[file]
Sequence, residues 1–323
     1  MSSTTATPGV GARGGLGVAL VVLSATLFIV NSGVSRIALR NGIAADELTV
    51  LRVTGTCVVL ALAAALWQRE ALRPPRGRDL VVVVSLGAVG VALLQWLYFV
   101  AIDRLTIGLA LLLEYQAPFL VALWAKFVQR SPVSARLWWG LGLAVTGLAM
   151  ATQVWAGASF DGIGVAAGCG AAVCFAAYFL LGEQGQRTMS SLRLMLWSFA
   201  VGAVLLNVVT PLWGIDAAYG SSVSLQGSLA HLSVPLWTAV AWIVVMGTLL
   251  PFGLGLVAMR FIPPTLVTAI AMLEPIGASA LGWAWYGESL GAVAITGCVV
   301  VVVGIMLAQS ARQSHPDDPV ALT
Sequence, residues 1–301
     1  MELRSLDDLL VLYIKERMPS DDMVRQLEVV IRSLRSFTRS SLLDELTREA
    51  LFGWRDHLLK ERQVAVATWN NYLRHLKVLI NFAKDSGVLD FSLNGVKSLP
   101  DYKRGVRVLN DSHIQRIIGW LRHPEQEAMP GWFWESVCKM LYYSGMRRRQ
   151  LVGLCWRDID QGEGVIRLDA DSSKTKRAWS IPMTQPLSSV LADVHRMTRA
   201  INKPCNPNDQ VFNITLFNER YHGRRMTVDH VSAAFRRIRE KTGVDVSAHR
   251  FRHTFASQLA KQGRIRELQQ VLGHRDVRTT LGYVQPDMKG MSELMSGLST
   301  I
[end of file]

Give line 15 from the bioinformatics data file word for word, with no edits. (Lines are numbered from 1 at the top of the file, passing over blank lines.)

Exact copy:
   251  FRHTFASQLA KQGRIRELQQ VLGHRDVRTT LGYVQPDMKG MSELMSGLST